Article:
I tried Poundland’s £3.50 steak and the taste really surprised me | The Sun

WITH trepidation, I took a big bite out of my £3.50 Poundland steak – but I was surprised by the taste.

The bargain chain is better known for its cheap snacks and homewares, than it is for prime cuts of meat.

Last month, it launched an entirely new range of fresh meat and fish in a bid to take on supermarkets, including rump and sirloin steak.

Better known for its shelves full of items like toiletries, snacks and home knick-knacks, the bargain shop not usually my first port of call for a delicious evening meal.

Looking at the packaging of the 170g sirloin steak, there’s no giveaway that it’s a bargain bit of beef – or from Poundland at all.

In fact the steak and all of the new range are sold with a new brand name – Cookit.

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On first appearance the meat looks just as appetising as any other shop bought steak: bright pink and plump, edged in a fine line of fat – not for everyone but it all adds to the flavour in my opinion.

Throwing the cut of meat into the frying pan, it sizzled nicely with just a bit of seasoning.

I served it up with a nicely browned outside and pink inside – I like my steak rare.

Cutting into the juicy looking dinner, my knife sliced through beautifully like butter – a good start.

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A bad steak can be like chewing boot leather, very unpleasant. 

As I put fork to mouth, I braced myself, but was pleasantly surprised to find the meat melting just like butter on my tongue too.

The texture – which I find the most important thing – was a delight and far exceeded my expectations.

Far from chewy and cheap, this was a consistent cut with no bad bits and full of flavour too.

The steak tasted as good as sirloins I’ve had eating out, and from my local butcher.

I usually buy steaks from the supermarket, mainly Sainsburys, but sometimes Co-op or M&S, and I've tried them from Aldi, Lidl, Morrisons and Tesco too.

Poundland’s certainly stood alongside any good supermarket steak, and was much better than some of the ropier ones I’ve had from some shops.

How does Poundland and supermarket steak compare on price?

Price-wise Poundland’s steak was a bargain at first glance, costing only £3.50.

A sirloin at supermarkets will set you back between £3 and £4.99, with Aldi, Asda, Tesco and Morrisons all pricier than Poundland.

Sainsbury’s and Lidl’s sirloins are cheaper at £3 and £3.29 respectively.

But look more closely and it’s not quite so clear cut.

Poundland’s sirloin is served in a smaller than usual size. It’s 170g compared to the most common smallest size steak you can usually buy of around 225g.

On a more comparable price per 100g basis, which takes into account the size difference, it’s a different story.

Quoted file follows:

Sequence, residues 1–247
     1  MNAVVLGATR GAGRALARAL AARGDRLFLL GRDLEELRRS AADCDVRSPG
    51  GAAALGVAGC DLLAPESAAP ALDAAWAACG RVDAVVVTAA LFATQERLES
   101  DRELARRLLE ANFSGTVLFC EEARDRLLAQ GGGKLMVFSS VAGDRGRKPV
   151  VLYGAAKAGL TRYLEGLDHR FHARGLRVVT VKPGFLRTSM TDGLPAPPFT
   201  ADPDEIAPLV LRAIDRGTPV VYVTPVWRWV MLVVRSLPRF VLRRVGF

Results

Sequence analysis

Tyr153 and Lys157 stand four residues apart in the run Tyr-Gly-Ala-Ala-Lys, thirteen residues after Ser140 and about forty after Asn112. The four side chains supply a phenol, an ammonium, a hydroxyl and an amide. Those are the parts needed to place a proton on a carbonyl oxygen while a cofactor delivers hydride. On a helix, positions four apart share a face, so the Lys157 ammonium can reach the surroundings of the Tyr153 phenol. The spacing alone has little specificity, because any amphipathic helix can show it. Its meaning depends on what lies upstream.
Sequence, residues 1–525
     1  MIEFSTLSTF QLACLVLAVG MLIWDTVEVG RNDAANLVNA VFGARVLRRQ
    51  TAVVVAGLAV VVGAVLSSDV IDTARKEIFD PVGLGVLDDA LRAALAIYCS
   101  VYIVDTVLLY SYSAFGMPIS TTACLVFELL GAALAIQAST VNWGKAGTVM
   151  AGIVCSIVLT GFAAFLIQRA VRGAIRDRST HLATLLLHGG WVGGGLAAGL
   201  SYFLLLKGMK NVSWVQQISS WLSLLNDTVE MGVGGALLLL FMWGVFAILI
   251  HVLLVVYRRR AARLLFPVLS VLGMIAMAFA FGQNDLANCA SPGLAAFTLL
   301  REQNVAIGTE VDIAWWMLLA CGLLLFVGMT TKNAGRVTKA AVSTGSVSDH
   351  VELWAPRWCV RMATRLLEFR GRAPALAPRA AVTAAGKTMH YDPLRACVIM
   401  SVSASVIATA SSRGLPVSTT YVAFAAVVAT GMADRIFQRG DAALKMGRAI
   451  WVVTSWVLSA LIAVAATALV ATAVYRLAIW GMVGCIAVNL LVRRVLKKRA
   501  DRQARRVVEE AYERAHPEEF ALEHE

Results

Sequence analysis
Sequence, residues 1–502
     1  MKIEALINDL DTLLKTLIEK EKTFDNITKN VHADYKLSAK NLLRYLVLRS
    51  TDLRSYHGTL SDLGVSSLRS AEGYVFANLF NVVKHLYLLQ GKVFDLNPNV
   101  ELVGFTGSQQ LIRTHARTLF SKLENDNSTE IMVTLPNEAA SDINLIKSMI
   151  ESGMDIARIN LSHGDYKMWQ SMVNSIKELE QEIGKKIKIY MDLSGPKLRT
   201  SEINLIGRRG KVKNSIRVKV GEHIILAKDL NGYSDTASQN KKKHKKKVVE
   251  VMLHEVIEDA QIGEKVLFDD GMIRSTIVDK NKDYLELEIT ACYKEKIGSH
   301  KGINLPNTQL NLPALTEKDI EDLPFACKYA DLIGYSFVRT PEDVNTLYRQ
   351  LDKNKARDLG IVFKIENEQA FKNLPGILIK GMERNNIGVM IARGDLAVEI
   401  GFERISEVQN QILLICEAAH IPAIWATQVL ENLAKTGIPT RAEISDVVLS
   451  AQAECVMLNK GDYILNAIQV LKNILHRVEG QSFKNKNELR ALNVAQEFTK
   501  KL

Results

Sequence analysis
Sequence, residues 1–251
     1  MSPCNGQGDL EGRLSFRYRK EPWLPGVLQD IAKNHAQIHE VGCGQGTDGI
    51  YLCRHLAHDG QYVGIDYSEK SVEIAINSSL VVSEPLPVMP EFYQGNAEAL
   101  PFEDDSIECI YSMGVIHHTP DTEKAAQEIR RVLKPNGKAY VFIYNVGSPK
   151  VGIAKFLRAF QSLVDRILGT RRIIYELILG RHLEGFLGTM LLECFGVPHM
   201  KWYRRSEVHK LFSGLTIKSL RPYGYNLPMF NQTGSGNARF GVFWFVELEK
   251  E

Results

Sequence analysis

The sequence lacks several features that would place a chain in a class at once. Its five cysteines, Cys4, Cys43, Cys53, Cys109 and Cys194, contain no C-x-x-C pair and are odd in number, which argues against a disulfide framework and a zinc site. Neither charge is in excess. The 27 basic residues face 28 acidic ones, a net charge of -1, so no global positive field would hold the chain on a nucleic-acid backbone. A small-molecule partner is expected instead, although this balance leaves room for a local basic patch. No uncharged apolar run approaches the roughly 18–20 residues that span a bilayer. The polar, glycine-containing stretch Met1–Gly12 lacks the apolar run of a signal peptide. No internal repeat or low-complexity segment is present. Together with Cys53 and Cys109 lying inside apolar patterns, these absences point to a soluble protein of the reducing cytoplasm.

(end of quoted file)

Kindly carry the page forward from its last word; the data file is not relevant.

Poundland’s is £2.06 – still cheaper than Aldi (£2.20) and Asda (£2.09). Sainsbury’s and Lidl remain cheaper (£1.94 and £1.69 respectively).

Bus Tesco’s turns out to be cheaper too by weight at £1.89, and Morrisons at £2.02.

Cheapest sirloin steak – price only

  • Sainsbury’s (155g) £3
  • Lidl (195g) £3.29
  • Poundland (170g) £3.50 
  • Tesco (227g) £4.30
  • Morrisons (227g) £4.59
  • Asda (227g) £4.75
  • Aldi (227g): £4.99 

Cheapest sirloin steak – price per 100g

  • Lidl £1.69
  • Tesco £1.89
  • Sainsbury’s £1.94
  • Morrisons £2.02
  • Poundland £2.06
  • Asda £2.09
  • Aldi £2.20

It just goes to show that you need to look carefully at prices to see if something is the best deal or not.

Shoppers are often advised to look at the unit price on products (for example, the per ml or per gram cost) when shopping for the best deal – this makes it easier to compare similar items of different sizes.

Consumer group Which? recently found that these are often hard to find though.

You can also use websites like trolley.co.uk to compare costs between shops and the Latest Deals app has a supermarket comparison tool.

It's worth noting that prices can change regularly from one day to the next and can go on offer.

I checked for the cheapest sirloin on each supermarket's website, but prices may be higher or lower at a different time, or in store.

The verdict

I was impressed by the quality of Poundland’s steak and it hit all the right buttons on flavour and texture.

If it was served to me without knowing where it was from, then I would never have guessed it wasn’t from any of the well-known supermarkets.

Poundland’s foray into fresh food is a bid to compete with them, and I think it’s paid off.

Despite the current crisis putting costs top of everyone’s mind, shoppers still expect quality too.

I think the bargain store has struck the balance here, with a decent cut of meat at a competitive price. 

Let’s face it, Poundland knows shoppers won’t buy something that doesn’t taste good just because it’s slapped with a cheap price tag.

Its steak is not the cheapest available, but does beat some supermarkets on a price per unit basis, including the major discounter Aldi.

I also think that the smaller serving size sets it apart, and is aimed squarely at penny-conscious customers.

Shoppers can spend less and just serve up more chips or veg on the side instead of having to fork out for the pricier packs elsewhere.

A good tactic for anyone looking to reduce their spending is swapping meat for cheaper veg – but the Poundland pack size means you don’t have to ditch the tasty meat treat altogether.

I’m a big fan of Aldi and the discounter often comes top of the pops as the UK’s cheapest supermarket. But I’d definitely make the swap.

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If I served steak for two once a month I’d spend just under £120 a year at Aldi.

But swap it for the Poundland one and my bill would come to £84. That’s an annual saving of £36.

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